Virgin America launches stock market flotation

Tim Wallace
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RICHARD Branson’s US airline Virgin America is going public, seven years after the tycoon and his iconic brand launched the firm.

The flotation comes almost immediately after the airline made it into the black – it posted a $10.5m (£6.18m) profit for 2013, its first profitable year.

The profit was made off revenues of $1.42bn.

And it comes in the midst of a flotation boom – 25 initial public offerings (IPO) are expected to price this week, according to Dealogic, making it the busiest week since 7 August 2000.

No details of the scale of the airline’s IPO have been published, either in terms of the capital to be raised or the proportion of shares being sold.

Branson owns a 22 per cent stake in the com­pany, part­ly be­cause US laws re­strict foreigners to hold­ing a maximum of 25 per cent of a domestic airline.

Most of the remainder is owned by hedge fund Cyrus Capital Partners, through its VAI Partners unit, which has a 76.1 per cent stake in the firm.

Virgin Airlines has hired Barclays and Deutsche Bank as lead underwriters.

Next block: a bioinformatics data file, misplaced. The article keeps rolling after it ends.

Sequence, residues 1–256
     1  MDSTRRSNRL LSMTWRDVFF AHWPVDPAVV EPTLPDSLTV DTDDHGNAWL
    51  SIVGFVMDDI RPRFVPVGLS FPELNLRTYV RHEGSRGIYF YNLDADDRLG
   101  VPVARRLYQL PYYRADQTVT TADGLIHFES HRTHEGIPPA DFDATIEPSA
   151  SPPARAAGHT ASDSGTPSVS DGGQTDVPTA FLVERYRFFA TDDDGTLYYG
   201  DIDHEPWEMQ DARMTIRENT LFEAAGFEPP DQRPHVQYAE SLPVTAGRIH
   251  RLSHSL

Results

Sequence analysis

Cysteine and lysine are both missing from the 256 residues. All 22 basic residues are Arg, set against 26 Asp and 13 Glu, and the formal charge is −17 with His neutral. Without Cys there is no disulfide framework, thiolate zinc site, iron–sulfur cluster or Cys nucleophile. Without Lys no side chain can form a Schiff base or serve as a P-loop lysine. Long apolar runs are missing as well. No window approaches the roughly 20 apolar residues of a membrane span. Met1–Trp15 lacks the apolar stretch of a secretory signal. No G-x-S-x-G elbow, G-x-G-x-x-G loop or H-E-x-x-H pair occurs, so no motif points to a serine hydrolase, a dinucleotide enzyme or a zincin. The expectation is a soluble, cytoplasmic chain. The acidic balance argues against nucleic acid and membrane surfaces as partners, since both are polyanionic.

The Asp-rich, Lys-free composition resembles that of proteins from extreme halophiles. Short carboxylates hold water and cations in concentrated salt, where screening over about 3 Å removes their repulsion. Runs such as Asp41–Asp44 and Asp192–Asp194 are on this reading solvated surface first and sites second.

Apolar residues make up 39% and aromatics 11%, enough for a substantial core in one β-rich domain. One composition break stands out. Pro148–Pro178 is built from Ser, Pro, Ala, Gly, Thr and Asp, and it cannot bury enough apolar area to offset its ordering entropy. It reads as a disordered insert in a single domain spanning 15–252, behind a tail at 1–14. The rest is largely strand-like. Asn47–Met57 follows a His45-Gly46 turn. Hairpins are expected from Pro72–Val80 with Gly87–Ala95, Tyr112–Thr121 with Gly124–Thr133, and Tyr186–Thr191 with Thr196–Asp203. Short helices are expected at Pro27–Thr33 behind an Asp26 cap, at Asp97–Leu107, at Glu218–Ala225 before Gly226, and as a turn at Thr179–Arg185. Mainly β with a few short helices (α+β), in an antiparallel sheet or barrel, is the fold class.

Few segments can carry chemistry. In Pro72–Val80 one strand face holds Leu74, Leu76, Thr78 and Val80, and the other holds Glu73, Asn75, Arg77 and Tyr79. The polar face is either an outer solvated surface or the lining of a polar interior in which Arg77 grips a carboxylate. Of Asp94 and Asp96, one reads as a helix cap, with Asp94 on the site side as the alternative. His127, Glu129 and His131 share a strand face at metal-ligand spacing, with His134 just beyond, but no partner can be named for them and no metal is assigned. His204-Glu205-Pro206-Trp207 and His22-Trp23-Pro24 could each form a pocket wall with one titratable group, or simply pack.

The airline is based in California, and most of its flights are mainly between Los Angeles and San Francisco.

However, its full list of flights covers 22 cities across the US and Mexico.

Virgin Airlines’ announcement of its IPO filing with the Securit­ies and Exchanges commission boasts that the firm is “known for its upscale service and low fares”.

Virgin’s brand covers other airlines, such as Virgin Atlantic, in which Branson owns a larger stake.

■ The Virgin brand’s most recent experiment in public listings performed well – Virgin Media was bought last year by Liberty Global for $24bn.

■ But that was not the result of a Virgin flotation. Virgin Media was formed out of a series of mergers with NTL, Telewest and Virgin Mobile, merging into a listed entity.

■ Richard Branson’s own previous flotation was that of the Virgin music business in the 1980s.

■ He hoped to raise funds and perform strongly as a public company, but the City was less keen on his personality-driven business style, and Branson took the firm private again.

■ He owns around half of Virgin Money, the bank which has grown in part by buying the so-called “good bank” part of Northern Rock.

■ Branson is expected to float the lender, possibly as soon as next year, in his next planned deal with City stock market investors.

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